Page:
Review Blog

Sep 21 2018

Wraith by Alexandra and Shane Smithers

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Magabala Books, 2018. ISBN 9781925360950
(Age: 13+) Recommended. Themes: Science Fiction, Flight, Climate Change, Aboriginal people. James can fly; he practices his technique out in the bush, as his best friend Darren shouts words of encouragement. He's unsure of his special powers and unfortunately tends to crash land. Darren hatches a cunning plan when James' parents travel to New Zealand for a work conference. Through some tricky manoeuvres Darren helps his Bra'a return to his empty family home and continue to master his flying skills.
Wearing Darren's invention, the Variable Pressure Release unit, James is propelled up into the atmosphere. He crashes into Nebulosity, a cloud city peopled by sky dwellers. After waking from a coma, he is amazed by this advanced city, a different civilisation with its unique transport and technological advances. James is drawn into a desperate search to find the SAFFIRE technology designed to save the city from the effects of climate change. With the help of Aureole, a young girl determined to save Nebulosity, James needs his to rise to the challenges and help in this journey.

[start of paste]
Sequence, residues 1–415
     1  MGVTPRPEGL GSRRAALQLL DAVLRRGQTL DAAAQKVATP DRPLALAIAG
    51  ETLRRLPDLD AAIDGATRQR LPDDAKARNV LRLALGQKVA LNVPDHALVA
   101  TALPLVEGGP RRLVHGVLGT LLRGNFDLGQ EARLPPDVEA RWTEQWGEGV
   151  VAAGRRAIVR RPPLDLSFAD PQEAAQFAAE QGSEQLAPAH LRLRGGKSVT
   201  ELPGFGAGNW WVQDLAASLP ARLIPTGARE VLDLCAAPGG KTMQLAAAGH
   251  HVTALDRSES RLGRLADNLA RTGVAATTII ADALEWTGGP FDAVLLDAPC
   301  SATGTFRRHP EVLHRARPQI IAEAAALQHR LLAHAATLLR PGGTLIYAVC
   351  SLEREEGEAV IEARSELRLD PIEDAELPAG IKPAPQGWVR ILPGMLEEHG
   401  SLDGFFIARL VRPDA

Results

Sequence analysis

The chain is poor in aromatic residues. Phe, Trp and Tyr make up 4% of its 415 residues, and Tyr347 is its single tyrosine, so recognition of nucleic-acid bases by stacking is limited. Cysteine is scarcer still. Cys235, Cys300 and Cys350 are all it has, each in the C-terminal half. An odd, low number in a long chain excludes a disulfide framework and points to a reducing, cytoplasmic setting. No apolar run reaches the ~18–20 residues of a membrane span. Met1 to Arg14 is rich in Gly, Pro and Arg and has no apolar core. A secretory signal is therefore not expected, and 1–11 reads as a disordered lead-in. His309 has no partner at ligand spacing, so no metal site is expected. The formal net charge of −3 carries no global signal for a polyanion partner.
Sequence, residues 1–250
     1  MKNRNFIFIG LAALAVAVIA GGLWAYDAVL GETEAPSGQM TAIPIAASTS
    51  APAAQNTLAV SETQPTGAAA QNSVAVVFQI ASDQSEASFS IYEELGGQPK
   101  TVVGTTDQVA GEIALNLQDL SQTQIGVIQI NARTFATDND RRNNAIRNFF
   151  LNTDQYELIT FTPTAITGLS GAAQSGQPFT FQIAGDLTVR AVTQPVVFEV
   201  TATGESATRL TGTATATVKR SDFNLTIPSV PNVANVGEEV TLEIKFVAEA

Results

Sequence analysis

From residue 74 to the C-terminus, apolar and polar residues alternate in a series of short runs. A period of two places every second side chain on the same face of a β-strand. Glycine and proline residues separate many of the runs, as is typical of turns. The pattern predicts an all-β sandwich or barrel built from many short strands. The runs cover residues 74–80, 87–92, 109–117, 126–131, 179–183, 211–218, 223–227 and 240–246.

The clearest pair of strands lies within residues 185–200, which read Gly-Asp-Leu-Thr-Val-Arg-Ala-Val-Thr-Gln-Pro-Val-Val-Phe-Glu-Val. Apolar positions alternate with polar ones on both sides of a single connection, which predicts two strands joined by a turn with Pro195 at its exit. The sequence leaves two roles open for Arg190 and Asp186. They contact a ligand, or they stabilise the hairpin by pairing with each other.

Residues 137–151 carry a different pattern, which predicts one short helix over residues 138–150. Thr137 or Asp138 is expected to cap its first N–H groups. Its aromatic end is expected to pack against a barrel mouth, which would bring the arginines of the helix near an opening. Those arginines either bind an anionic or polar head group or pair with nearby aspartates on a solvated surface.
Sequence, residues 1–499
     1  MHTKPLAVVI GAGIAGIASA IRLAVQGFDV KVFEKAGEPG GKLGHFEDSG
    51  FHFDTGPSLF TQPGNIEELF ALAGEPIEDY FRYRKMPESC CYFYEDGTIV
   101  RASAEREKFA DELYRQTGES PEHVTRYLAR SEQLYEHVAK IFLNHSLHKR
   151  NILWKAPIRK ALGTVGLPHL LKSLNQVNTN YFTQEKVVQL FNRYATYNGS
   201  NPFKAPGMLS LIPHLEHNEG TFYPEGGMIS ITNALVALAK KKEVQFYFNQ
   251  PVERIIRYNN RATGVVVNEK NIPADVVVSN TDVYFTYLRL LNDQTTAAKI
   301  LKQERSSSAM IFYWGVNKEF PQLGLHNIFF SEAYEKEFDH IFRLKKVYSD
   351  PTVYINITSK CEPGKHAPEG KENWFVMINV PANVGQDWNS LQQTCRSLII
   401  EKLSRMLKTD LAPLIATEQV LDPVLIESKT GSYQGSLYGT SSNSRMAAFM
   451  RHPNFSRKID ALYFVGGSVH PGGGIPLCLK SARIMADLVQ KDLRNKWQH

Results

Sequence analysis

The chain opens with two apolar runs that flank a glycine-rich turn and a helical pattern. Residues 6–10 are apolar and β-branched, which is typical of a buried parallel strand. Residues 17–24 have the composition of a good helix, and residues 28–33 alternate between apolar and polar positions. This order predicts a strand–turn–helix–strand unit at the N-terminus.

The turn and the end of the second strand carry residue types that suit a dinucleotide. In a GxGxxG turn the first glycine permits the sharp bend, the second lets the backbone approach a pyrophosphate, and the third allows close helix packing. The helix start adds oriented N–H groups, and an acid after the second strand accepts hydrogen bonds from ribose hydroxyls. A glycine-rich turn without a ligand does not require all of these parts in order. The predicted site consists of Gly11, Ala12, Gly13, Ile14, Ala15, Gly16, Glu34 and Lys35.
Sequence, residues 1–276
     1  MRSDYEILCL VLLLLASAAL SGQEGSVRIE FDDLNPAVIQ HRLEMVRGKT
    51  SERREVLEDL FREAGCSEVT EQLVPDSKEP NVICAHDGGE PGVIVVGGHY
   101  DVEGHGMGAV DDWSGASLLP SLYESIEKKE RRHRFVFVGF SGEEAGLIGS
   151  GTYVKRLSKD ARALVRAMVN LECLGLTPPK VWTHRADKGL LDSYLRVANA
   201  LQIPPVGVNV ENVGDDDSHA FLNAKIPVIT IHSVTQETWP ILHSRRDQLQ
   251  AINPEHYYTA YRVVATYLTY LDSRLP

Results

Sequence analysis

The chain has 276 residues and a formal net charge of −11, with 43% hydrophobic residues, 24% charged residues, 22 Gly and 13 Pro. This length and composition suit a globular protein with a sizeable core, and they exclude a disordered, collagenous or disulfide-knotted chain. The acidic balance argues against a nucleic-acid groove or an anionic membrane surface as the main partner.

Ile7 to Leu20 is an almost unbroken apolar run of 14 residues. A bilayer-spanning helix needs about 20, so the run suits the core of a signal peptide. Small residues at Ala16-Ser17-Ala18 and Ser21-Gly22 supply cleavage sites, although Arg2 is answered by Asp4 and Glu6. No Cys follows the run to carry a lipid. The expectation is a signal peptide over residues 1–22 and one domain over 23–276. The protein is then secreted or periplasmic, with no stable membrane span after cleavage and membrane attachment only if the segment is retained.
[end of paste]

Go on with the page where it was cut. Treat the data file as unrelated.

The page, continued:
Woven throughout is the three villains' story, their mission is to find and destroy the SAFFIRE technology. They travel in an array of fast vehicles, employ a range of tools and utilise their specialised skills to thwart the teens' plans. Their attitudes, conversations and actions heighten the drama and build the fast-paced action.
The main Aboriginal characters James and his mate Darren are genuinely relatable, realistic, humorous, showing determination as they discover, grow and develop their abilities. Key environmental messages of personal responsibility and working together to save the planet underpin "Wraith: James Locke and the Azuriens".
Alexandra and Shane Smithers have written a complex and compelling narrative, set against the background of both rural and urban Australia. Their creativity, attention to detail, scientific understandings, complex worlds and populations of sky and earth dwellers make this a richly rewarding read for teens and young adults.
Rhyllis Bignell

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